Respected cricket journalist Martin-Jenkins dies
LONDON, England (AFP) — Respected English cricket journalist and commentator Christopher Martin-Jenkins has died of cancer at the age of 67, his former colleagues announced yesterday.
Popularly known as 'CMJ' in Great Britain, Martin-Jenkins was one of the voices of Test Match Special on BBC Radio and previously worked for the Daily Telegraph and the Times.
"Desperately sad to tell you that CMJ died peacefully this morning," his friend and colleague Jonathan Agnew said on Twitter.
Martin-Jenkins also served as the president of Marylebone Cricket Club in 2010 and 2011.
The official Twitter account of Lord's, the home of English cricket, wrote: "Former MCC president Christopher Martin-Jenkins has died. Sad, sad news to start the new year."
Martin-Jenkins' son, Robin, played professional cricket for Sussex and made 162 first-class appearances for the country before retiring in 2010.
Martin-Jenkins was diagnosed with terminal cancer in January 2012 and released his memoir, entitled CMJ: A Cricketing Life, the following April.
Former England all-rounder and current broadcaster Ian Botham tweeted: "Very sad to hear of the death of the 'Major'... Christopher Martin-Jenkins. Our thoughts are with the family. A true Gentleman!!"
Agnew, a long-term collaborator with Martin-Jenkins at the BBC, praised his colleague for having earned the respect of the cricketing world despite having never played at the top level.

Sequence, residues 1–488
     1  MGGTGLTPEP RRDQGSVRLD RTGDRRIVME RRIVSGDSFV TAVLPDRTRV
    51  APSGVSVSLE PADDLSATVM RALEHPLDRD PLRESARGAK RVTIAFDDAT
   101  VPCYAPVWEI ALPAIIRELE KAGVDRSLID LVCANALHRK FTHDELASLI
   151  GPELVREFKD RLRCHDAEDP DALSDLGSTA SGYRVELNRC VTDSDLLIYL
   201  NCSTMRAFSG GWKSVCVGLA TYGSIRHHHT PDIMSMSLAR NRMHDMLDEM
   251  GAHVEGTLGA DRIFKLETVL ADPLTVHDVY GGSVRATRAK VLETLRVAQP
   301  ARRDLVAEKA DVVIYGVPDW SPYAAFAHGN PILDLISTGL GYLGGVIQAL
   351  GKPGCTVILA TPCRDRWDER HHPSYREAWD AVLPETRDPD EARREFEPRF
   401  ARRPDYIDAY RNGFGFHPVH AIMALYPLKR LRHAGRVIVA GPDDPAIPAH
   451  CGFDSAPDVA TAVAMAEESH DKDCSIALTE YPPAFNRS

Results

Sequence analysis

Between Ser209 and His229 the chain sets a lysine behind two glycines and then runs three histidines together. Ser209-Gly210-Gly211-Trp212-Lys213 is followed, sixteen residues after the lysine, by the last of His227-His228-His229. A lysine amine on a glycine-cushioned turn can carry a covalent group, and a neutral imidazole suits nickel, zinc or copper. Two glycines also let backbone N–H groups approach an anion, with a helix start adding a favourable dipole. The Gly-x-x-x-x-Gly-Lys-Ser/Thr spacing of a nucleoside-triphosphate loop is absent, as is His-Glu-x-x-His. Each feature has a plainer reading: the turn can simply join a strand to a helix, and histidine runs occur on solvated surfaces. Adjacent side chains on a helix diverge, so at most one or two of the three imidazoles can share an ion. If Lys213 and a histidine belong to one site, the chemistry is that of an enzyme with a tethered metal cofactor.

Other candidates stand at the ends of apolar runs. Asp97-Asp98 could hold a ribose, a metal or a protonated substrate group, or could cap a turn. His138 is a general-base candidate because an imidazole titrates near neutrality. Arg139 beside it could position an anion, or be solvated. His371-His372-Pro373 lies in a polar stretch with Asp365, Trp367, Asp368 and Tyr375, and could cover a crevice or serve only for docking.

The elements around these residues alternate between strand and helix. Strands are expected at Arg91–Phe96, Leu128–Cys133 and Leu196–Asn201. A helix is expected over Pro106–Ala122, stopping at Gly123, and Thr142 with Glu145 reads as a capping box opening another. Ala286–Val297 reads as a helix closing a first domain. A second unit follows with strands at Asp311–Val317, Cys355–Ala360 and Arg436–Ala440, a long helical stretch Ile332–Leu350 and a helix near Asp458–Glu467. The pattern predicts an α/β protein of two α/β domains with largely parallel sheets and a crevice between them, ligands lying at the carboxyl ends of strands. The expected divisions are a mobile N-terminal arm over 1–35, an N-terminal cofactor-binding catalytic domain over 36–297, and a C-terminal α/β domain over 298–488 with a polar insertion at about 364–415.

"He was one of cricket's most respected writers and broadcasters," Agnew told BBC Radio 5 Live.
"With modern media now preferring the views and experiences of former Test cricketers, Christopher's authority and respect was gained not through a high-profile playing career, but a deep-rooted love of the game.
"It's doubtful if anyone has contributed more in a lifetime to the overall coverage of cricket than Christopher Martin-Jenkins."
Current MCC president Mike Griffith said: "CMJ will be sorely missed.
"Everyone at MCC shares the sadness now being felt by the cricketing world that his live commentaries will never be heard again."
Giles Clarke, chairman of the England and Wales Cricket Board, said cricket had lost "one of its greatest champions".
"Christopher was a supremely talented broadcaster and writer; a fount of knowledge about cricket — both past and present; and, as a devoted supporter of Sussex, someone who cared deeply about County cricket and the wider recreational game," he said.
David Richardson, chief executive of world governing body the International Cricket Council, also added his voice to the tributes.
"There are few men in cricket who are known simply by the initials and the fact that Christopher was referred to simply as CMJ around the cricket world reflects his standing in the game," he said in a statement.
"Cricket has lost two of its most revered commentators in the last few days with the passing of both CMJ and, last week, of Tony Greig.
"I know that press boxes around the world will be deeply saddened by the death of two giants of the game and we pass on our condolence to both their families."